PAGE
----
Took a snapshot from night run on Friday.
Being three weeks out from Collegiate Peaks, I wanted to get in one last long run over the weekend. The problem was that I didn't have the time. We were busy both Saturday & Sunday, so I opted for a night run on our local trails.
I wasn't thrilled about it, but decided to make it fun with some simple goals.
1. Make it a timed run and keep the clock running until it hit five hours. Don't worry at all about pace or distance.
2. Fuel exclusively with solid food.
3. Try one of those 5 hour energy shots to see what happens. But avoid caffeine during the run so I could go to sleep when it was over
I popped the grape flavored 5 hour energy down the hatch about a minute before leaving the house at 8:15 p.m. I can't say I felt anything, but I did remain fairly alert for most of the run.
Here's what I brought for fuel: boiled and salted potatoes, white chocolate & macadamia nut cookies, oatmeal frosted cookies, and some animal crackers. I waited about an hour until I began eating since I had just polished off dinner two hours before I started. The plan was potatoes on the hour and cookies on the half hour.
While I'm glad I did it, I probably won't be employing this strategy in a race. Fuel-wise it all kept me going just fine. At about hours 3.5-4, I felt like all that food was inching its way back up my throat and settling just at the base. My experiment had to stop. I brought two "emergency" gels in my pack and took those during the final hour and a half.
Overall, I had a good run of 30 miles finishing at 1:05 a.m. I went at an easy pace, spooked a bunch of deer and elk, listened to 22 chapters of a book on one of those "playaway" devices, and finished with some mellow tunes.
My favorite aspect of this run was the moonlight. It was two nights before a full moon, so there was enough moonlight to afford keeping the flashlight off for 75% of the run. It is not often I get to run trails in the dark without a light. It takes the peacefulness of the experience to a whole new level.
Got to find the time where you can get it. Interesting fueling experiment....boiled potatoes. My mouth is watering (as in I'm about to puke) just thinking about eating such a delicacy four hours into a night run.ReplyDelete
Love the pic!ReplyDelete
The #1 goal on your list is one of my favorite things about heading out at night. Just go out and get some time in on the trails.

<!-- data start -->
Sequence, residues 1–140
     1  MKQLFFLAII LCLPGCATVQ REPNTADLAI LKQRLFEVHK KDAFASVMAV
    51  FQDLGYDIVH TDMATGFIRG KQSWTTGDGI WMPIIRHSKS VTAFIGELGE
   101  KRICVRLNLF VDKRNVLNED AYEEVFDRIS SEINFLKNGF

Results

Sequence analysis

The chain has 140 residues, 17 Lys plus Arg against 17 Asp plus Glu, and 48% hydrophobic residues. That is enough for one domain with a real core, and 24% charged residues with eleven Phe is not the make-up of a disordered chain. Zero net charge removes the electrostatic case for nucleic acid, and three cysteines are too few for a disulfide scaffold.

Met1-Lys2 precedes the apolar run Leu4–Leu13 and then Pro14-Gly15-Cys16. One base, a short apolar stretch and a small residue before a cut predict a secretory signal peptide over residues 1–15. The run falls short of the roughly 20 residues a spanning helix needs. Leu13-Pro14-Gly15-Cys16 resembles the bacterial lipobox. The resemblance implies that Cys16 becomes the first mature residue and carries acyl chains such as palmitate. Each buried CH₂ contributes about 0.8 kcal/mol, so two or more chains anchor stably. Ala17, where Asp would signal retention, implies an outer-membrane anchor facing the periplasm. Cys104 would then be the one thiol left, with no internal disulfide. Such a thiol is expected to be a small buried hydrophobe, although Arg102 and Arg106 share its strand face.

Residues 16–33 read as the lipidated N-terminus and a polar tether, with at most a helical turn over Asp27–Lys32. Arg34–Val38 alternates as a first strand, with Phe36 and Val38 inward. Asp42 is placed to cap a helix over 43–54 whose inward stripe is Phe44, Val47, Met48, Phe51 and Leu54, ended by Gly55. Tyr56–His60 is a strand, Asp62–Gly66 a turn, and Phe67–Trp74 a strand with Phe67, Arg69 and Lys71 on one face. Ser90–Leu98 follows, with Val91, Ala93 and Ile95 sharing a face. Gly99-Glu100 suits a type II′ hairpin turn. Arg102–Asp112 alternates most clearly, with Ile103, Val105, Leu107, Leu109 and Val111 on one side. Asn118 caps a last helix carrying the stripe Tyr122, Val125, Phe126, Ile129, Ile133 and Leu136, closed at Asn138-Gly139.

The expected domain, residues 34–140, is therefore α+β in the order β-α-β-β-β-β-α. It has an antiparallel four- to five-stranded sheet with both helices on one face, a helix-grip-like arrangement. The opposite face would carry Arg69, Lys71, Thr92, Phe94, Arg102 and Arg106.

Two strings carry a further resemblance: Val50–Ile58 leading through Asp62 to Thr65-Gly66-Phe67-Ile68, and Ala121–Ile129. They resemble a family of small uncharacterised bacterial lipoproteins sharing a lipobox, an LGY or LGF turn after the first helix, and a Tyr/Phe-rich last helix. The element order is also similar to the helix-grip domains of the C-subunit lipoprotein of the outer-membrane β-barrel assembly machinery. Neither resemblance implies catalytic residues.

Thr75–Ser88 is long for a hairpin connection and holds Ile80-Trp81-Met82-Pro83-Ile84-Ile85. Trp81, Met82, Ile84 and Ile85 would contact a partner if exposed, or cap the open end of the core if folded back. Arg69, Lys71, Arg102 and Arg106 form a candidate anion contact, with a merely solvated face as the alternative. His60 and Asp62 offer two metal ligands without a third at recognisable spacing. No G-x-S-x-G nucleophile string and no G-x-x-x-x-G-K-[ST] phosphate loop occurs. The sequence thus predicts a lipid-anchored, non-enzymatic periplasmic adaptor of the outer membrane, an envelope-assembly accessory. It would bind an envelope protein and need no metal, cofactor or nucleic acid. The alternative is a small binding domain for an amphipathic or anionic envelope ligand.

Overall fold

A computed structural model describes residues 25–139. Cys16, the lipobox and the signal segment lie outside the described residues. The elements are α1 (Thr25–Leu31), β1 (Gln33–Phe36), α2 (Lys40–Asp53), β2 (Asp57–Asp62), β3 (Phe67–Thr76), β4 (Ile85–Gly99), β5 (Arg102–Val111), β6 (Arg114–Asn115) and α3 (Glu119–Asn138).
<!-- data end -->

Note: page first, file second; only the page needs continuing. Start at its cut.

See you at CP. I have yet to go the boiled potatoes, real food route but I have never been over 9, 10 hours. I guess I do some real food pre, and then do the bars and gels thing through the event. Interesting experiment no doubt, but I am probably more in Jim P's camp on this one.ReplyDelete
I know if I didn't stop with the potatos, puking it would have been!ReplyDelete
I tried to find food items that had around a hundred calories each so I could stick to 300 calories/hour. Each egg-shaped potato was about 120 calories and a whole bunch of carbs. At first they tasted pretty good. That surely changed as the night wore on. I'll definitely stick with the liquid/gel diet going forward. I've read the science behind fueling with solids, and my experiment proved it correct. There is no way I could handle solids after a few hours of running. Next up, I'm going to give Hammer Perpetuem a try.
Chris - I got over to Roxborough SP on Sunday afternoon. I've decided the sweetest singletrack on the front range (that I've run)is there. It can't get much more "single" than it does in some spots as I felt like I was running on a balance beam.
How were you carrying the potatoes? I'm interested in fueling with real food for longer runs. At a certain point I have no interest in gel/liquid and need something real.ReplyDelete
I had three zip lock bags that I carried in my hydration pack. Two bags in a front pocket and one in the back big pocket. Never got to the third bag.ReplyDelete
What I don't know from my experiment is if the cookies were what started making me feel bad or the potatoes...or both. The salted potatoes were bland, which may not be a bad thing if you don't want any strong tastes/flavors later in a run.
I'd be interested in trying it again (w/o the cookies), but adding gels into the mix. I think a hybrid approach might work well.
Also, I skinned the potatoes first. I figured the skins probably wouldn't taste all that great.
RxSP is truly a gem. I basically have a huge dumb grin on my mug every time I run there. Good stuff.ReplyDelete
The sound of those potatoes would normally make me gag, but they can be awesome once in a while. I ran a 50M out in Indiana last summer. There was an unmanned aid station on the back side of the loop with paper cups full of skinned/diced/salted boiled potatoes. There was a complete downpour during the first part of the race and all the cups filled with water. After about the 3rd pass, there was no more water in the cups and my salt tabs had turned to mush due to the humidity so I thought - what the hell. BEST THING EVER. The water had soaked into the spuds carrying the salt with it. I tossed back 3-4 cups right then and there. Rainwater-salt infused boiled spuds. Mmmmm.
The potato soup they served at the finish of the Red Hot 55k was delicious. I can never eat right after a race and I downed a bowl of that within five minutes of finishing. I'm guessing your advice for "once in a while" is the best way to approach the spuds.ReplyDelete